Fieldfisher scores landmark mesothelioma settlement for former Bowburn village resident
Fieldfisher's leading Personal Injury team has achieved a landmark settlement on behalf of a client after she suffered asbestos poisoning.
Fieldfisher's leading Personal Injury team has achieved a landmark settlement against Cape Asbestos on behalf of a former resident of Bowburn village, County Durham, after she suffered asbestos poisoning between 1967 and 1983.
Caroline Wilcock brought a claim against Cape Intermediate Holdings PLC (previously known as The Cape Asbestos Company Ltd), which was due to be heard on Wednesday 16 October 2013. However on Thursday 10 October 2013, Caroline settled her claim against Cape Asbestos for a substantial sum.
Caroline, who now lives in London, was exposed to asbestos that was coming from the asbestos factory in Bowburn, County Durham, where she grew up. The factory allowed dust from its activities to escape into the neighbourhood, which settled on cars and window ledges. Local children would write in the dust as they made their way to school. As a direct result of this exposure Caroline, now aged 51, has developed the asbestos malignancy known as "mesothelioma".
The company that operated the factory no longer exists. Public liability insurance has never been and is not now compulsory, so there is no insurance fund to which any claim could be made. The Government's proposed Mesothelioma Compensation Scheme does not cover claims of this kind; in any case Caroline would not be eligible as she was diagnosed before the scheme came into operation.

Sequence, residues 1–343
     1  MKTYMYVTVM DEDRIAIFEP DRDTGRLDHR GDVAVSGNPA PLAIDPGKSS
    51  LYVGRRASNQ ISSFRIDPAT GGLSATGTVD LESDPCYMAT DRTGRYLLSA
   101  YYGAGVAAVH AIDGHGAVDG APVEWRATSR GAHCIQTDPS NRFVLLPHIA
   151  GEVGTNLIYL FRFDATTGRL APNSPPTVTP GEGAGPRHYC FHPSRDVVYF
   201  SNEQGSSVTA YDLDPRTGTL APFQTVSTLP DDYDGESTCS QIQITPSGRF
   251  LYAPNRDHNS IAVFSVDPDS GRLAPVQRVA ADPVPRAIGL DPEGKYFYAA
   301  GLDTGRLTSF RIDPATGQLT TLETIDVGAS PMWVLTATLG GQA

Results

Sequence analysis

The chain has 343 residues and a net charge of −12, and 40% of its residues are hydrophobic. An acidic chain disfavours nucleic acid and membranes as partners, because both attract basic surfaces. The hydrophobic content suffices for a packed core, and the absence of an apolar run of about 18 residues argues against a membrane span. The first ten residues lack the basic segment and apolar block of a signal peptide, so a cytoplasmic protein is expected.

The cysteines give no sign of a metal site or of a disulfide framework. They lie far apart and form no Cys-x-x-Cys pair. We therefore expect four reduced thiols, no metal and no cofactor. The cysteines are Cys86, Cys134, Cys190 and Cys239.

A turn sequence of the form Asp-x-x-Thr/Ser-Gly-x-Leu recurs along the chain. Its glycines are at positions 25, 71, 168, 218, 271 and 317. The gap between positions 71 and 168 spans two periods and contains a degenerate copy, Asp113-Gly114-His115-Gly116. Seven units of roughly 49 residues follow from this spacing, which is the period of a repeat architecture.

Caroline therefore brought a claim against the parent company, "Cape Asbestos". This claim is groundbreaking, as it extends the scope of the recent Court of Appeal case of Chandler v Cape PLC to cover not just employees of subsidiary companies but also people living in the vicinity of subsidiary companies.
The Fieldfisher team was led by Andrew Morgan.
Andrew said: "There are few lawyers and law firms who would take on a claim that presented such obstacles and that posed such risks. I am delighted that we were able to obtain substantial monetary recognition for Caroline but I fear the Government's intended reforms to the financing of mesothelioma claims will bring an end to such public interest litigation."
Caroline added: "I am pleased and relieved at this outcome. I hope that my case now encourages other people in similar circumstances to seek redress. I feel I had a responsibility to the community I grew up in to pursue my claim and to now talk about it publicly. My case establishes that the people of Bowburn were exposed to the dangers of asbestos over forty years ago and were largely unaware or unable to do anything to protect themselves and their children.
"I am angry that I and other children came into contact with asbestos whilst playing in our village and around our homes, and feel certain that my case will not be in isolation. I sincerely hope that my testimony and the statements from my witnesses are now on record, so that any others cases following mine can have speedy access to the expert medical and legal help they deserve. I would like to thank these witnesses for coming forward and giving testimony, and my mother and sister who have tirelessly researched and gathered local knowledge. I would also like to thank my legal team who have worked so diligently to prepare this case for court and have supported, advised and guided me throughout with their experience and compassion."